Catholic Library World

January 4, 2022

“Msgr. Murphy believes that priestly formation is at a crossroad. He views the recent American seminary visitations and important new publications on priesthood, both sociological and theological as the impetus to look more closely at how our priests have been and are being educated. Msgr. Murphy has been the rector of the North American College in Rome. The creation of this book comes from both his personal experiences in seminaries and from his good scholarly research.

Msgr. Murphy begins with a look at seminaries from their very beginnings. The 16th and the 17th centuries were pivotal in the creation of seminaries in their modern sense. Although the first directives of the Council of Trent were directed at poor, uneducated men desiring priesthood, they soon expanded their perspective to promulgate decrees that these youths be nourished and religiously educated in the disciplines of the Catholic Church. The first chapter also reports the important contributions to the creation of the modern seminary by Saint Charles Borromeo.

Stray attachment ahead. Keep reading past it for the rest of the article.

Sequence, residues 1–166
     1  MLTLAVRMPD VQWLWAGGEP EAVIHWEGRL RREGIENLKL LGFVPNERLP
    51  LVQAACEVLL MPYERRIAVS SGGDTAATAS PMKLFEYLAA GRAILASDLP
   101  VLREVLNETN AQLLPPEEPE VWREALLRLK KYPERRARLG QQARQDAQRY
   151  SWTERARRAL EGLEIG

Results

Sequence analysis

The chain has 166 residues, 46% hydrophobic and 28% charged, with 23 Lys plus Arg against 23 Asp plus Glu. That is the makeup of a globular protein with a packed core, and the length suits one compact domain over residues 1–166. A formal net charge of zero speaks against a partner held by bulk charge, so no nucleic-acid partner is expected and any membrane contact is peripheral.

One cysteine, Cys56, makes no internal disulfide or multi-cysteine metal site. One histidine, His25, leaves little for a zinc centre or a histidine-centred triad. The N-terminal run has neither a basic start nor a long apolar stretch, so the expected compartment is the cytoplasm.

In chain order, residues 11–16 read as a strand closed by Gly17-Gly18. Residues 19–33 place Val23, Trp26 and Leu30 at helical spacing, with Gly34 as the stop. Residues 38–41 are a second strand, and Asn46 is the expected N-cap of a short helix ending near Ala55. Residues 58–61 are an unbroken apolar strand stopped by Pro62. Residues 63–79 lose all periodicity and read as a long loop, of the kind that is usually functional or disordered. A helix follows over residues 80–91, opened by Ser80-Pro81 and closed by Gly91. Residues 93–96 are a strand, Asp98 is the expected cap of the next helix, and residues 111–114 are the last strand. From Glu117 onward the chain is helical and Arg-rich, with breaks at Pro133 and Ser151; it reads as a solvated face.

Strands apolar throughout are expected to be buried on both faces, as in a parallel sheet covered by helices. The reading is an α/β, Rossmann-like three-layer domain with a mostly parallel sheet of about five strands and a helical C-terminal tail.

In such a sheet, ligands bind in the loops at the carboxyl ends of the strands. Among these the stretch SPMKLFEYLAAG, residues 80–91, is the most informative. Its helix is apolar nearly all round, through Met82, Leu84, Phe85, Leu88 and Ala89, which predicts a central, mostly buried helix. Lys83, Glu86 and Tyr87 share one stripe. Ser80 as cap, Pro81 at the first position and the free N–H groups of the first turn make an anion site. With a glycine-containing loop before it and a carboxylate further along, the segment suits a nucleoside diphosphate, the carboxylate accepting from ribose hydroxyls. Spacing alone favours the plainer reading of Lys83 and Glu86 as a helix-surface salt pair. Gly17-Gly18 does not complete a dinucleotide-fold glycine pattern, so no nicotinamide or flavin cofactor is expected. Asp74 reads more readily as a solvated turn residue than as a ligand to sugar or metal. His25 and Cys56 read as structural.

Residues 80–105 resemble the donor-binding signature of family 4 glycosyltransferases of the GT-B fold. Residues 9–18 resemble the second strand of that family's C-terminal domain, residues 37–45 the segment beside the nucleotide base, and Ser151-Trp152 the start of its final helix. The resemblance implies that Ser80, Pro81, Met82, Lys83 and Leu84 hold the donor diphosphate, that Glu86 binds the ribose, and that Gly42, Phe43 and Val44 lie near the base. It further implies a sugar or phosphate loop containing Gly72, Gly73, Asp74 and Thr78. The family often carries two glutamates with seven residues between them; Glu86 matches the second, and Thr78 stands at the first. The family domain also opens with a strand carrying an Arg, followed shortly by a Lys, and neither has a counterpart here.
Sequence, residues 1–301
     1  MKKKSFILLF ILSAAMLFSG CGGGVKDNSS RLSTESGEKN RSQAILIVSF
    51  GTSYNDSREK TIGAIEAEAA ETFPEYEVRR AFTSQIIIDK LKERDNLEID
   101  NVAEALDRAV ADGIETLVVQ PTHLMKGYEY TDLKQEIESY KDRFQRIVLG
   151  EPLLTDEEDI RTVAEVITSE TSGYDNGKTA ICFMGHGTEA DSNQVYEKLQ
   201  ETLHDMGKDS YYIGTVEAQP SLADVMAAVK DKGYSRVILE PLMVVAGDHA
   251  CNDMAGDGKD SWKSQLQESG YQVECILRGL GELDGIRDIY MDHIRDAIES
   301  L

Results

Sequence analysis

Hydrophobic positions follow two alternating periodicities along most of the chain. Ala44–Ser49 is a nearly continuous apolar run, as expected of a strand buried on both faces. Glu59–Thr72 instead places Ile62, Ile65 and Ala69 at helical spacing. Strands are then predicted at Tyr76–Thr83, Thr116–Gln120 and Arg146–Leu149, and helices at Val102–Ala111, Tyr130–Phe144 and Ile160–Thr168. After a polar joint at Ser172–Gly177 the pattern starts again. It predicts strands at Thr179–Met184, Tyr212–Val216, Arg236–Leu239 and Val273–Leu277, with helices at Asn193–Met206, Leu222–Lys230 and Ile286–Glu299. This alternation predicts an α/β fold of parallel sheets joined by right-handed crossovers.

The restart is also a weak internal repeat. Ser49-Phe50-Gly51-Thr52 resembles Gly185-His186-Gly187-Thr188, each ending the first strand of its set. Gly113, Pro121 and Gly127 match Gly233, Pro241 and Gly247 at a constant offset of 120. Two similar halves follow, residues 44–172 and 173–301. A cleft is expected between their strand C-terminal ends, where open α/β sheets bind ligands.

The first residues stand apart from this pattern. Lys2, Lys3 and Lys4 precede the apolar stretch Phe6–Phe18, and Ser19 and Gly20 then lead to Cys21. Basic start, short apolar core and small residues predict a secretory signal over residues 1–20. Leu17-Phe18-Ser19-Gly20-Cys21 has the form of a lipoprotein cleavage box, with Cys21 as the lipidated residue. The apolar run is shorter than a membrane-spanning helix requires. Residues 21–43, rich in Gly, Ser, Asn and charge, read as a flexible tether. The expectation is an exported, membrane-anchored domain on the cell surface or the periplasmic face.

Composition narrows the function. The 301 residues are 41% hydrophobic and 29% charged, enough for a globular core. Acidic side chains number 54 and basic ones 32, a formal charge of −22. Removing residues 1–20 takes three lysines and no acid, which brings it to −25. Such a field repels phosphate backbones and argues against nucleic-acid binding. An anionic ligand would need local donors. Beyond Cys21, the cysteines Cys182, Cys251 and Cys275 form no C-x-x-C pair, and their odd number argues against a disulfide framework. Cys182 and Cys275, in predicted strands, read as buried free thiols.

Msgr. Murphy relates the story of the other developments of the 16th and 17th centuries especially in France where the concepts of priestly spirituality were added to the current academic, ‘scholastic’ model. Saint Vincent de Paul and Saint Philip Neri and the establishment of the Society of Staint Sulpice are discussed.

Msgr. Murphy jumps to the Second Vatican Council and the concepts of Christian community and its mission to the world with the impact on seminaries and the formation of a different priest. Ratio Fundamentalis and Pastores dobo obis are explained in detail.

The last two chapters deal with the new seminaries established to form priests for this new mission of the Church—conversion, community, and mission. The book ends with a look at an experimental seminary begun in Paris in 1985. Here is also a section titled ‘Implications’ that looks at the future.

This is an interesting work for all those involved in priestly formation, both seminary faculties and vocation committees in parishes. It gives us an excellent picture of where seminaries have been and where they may be going.”

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